PHOENIX — Proof that a statement is “substantially true” is enough to escape being found guilty of libel or slander, the state Court of Appeals has ruled.
In a detailed decision on First Amendment rights, the judges said that someone being sued for defamation “need not prove the literal truth of every detail” of the statement at the heart of the litigation. Instead, they need to show only “that the statements are substantially true” to have the case dismissed.
“Slight inaccuracies will not prevent a statement from being true in substance, as long as the ‘gist’ or ‘sting’ of the publication is justified,” wrote Judge Paul McMurdie for the three-judge appellate panel, relying on earlier court precedent.
What that means, McMurdie said, is that when the underlying facts are not in dispute, it is up to a court to determine if publishing the literal truth “would have made a material difference to a reader” as compared with the substantial truth. And if there is no indication that is the case, the court concluded, the case has to be thrown out.
Potentially more significant, the ruling affirms the authority of judges to toss such cases without defendants having to go through the time — and legal expense — of a full-blown trial.
“We place a higher burden on the plaintiff to show a triable issue because the expense of defending a meritless defamation case could have a chilling effect on free speech,” he wrote.
This case surrounds a dispute going back three years between two firms that collect signatures for candidates and ballot measures.
In 2014 Sign Here Petitions, a limited liability company, was working to place a zoning referendum measure on the Phoenix city ballot. It failed after the city clerk disqualified close to 40 percent of the signatures, at least in part because Sign Here used two convicted felons, who are ineligible to circulate petitions, to gather signatures.
Citizens for Fair Dealing had agreed to pay about $71,000 for the work. But the committee withheld about $17,000 of that because of performance issues.
Andrew Chavez, managing member of Petition Partners, posted a series of comments on his Twitter account about the effort, including statements that the other company was “in hot water for using felons,” and another that said that “a third of the signatures being collected by Sign Here Petitions are suspected of being collected by felons. Bad gets worse on #phx referendum.”
In filing an appeal, Paul Weich, the attorney for Sign Here, argued that Chavez’s statements were “substantially false” and that the trial judge should not have thrown out the lawsuit.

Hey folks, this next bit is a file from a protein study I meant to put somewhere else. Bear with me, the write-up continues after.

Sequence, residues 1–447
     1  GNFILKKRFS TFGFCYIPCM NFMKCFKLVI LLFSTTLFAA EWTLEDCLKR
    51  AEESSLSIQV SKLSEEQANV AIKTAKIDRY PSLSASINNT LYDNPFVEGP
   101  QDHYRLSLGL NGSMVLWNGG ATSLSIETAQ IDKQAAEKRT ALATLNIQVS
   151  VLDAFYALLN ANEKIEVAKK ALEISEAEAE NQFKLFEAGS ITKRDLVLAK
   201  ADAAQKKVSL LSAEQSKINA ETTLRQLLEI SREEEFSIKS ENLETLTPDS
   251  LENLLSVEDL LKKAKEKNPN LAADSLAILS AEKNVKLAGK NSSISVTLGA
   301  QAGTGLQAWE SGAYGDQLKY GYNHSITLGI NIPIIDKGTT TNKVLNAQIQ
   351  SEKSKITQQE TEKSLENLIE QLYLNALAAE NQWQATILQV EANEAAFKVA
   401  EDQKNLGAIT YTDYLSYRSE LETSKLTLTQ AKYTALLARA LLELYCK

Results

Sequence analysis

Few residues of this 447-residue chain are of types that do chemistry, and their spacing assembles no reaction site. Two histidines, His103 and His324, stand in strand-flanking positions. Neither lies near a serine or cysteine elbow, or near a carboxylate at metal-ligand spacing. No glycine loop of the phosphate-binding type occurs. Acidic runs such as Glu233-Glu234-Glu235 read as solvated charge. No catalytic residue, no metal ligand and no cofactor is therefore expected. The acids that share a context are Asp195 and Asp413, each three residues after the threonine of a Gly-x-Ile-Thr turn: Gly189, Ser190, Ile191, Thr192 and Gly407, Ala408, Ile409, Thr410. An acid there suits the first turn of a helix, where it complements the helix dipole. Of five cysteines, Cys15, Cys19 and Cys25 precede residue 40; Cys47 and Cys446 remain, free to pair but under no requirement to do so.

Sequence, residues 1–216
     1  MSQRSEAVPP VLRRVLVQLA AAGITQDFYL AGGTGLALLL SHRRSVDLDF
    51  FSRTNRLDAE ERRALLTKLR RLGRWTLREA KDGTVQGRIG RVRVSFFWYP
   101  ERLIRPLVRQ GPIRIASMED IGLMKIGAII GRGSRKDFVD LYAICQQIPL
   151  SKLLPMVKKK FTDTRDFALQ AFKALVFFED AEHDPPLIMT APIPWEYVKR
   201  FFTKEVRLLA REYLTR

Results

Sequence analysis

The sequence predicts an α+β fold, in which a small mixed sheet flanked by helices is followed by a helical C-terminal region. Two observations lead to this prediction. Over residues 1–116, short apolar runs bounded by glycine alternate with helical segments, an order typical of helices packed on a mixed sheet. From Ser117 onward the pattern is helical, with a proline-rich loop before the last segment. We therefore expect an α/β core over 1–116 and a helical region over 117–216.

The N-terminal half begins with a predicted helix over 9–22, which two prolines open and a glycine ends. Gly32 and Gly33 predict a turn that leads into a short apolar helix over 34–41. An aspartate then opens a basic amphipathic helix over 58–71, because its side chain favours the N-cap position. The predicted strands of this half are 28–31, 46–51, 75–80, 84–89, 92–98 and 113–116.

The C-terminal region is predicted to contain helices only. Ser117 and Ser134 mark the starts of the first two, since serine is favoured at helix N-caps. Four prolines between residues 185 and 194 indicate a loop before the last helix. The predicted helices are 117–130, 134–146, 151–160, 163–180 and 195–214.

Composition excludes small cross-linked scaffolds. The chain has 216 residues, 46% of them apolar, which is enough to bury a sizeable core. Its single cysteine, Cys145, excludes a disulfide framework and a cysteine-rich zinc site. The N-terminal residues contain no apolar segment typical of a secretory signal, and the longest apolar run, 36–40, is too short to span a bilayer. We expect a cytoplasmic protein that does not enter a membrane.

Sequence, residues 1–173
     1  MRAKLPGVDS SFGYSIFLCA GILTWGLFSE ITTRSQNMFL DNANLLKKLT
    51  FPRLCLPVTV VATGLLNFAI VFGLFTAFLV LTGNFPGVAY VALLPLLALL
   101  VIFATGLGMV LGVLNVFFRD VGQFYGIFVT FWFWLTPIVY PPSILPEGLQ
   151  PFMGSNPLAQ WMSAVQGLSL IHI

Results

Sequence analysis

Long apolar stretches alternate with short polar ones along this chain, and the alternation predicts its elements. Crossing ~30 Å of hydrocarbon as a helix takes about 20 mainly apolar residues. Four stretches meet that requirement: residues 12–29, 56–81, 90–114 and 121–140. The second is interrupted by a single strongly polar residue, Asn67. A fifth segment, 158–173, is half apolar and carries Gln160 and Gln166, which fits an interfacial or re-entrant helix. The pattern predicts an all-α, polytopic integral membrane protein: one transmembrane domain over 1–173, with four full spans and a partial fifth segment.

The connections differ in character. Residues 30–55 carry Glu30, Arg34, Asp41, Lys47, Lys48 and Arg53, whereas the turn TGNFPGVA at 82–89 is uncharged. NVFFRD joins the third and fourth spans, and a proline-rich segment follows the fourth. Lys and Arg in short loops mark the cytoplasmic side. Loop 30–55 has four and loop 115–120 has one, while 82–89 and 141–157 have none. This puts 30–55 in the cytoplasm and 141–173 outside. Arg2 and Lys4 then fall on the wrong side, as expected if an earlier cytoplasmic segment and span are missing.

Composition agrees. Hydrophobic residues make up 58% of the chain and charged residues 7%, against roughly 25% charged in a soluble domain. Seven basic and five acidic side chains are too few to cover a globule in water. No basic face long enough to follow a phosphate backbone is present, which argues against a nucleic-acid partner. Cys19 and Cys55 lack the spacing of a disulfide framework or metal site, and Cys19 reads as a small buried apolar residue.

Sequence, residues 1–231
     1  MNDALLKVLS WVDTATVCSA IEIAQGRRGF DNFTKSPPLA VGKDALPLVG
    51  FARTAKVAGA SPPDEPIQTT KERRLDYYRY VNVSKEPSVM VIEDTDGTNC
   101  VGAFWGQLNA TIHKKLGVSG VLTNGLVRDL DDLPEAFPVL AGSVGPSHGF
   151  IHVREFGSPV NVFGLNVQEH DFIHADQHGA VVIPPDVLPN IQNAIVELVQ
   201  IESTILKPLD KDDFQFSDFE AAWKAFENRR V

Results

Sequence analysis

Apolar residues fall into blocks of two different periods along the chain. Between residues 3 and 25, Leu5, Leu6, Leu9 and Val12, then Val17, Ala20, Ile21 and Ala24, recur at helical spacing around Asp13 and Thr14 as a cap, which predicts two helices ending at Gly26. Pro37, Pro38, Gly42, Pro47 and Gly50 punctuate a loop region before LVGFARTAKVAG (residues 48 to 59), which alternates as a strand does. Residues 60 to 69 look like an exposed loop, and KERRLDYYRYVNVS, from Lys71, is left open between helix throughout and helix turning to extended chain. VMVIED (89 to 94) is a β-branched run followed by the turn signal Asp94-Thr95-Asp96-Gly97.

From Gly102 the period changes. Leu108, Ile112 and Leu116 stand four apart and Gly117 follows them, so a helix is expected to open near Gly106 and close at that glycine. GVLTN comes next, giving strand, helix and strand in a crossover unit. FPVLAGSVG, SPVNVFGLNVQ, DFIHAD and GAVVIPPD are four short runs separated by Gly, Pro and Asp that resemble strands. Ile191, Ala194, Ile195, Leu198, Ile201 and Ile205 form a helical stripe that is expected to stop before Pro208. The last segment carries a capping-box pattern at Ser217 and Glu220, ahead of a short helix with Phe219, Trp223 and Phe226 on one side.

McMurdie said the Arizona Constitution is clear.
“Every person may freely speak, write, and publish on all subjects, being responsible for the abuse of that right,” it reads. More significant, McMurdie said that is broader than the First Amendment of the U.S. Constitution which simply protects individuals against government action.
He said that clearly makes the truth of any contents “a complete defense” against charges of defamation. But McMurdie said it was not necessary for Chavez to prove that everything he posted was precisely true. He said even inaccuracies do not make someone guilty of defamation if they have no real bearing on the issue.
“Sign Here provided no evidence that the inaccurate statements caused it damaged beyond what otherwise resulted from its own inability to deliver the sufficient number of valid signatures,” the judge wrote. Even if the comments that Chavez posted were more precisely accurate, McMurdie said, it would have made no difference.
“Any damage to Sign Here’s reputation arose from its own inability to collect enough valid signatures to place the referendum on the ballot and to fulfill the terms of its contract, for which it was paid a substantial amount of money,” the judge said. “Because it is not disputed that Sign Here contracted to deliver at least 16,987 valid signatures for the payment of approximately $71,000, and because two of the collectors were in fact convicted felons unauthorized to collect signatures, the gist of Chavez’s statements were accurate.”
McMurdie said it’s the same standard that applies elsewhere, including to newspapers.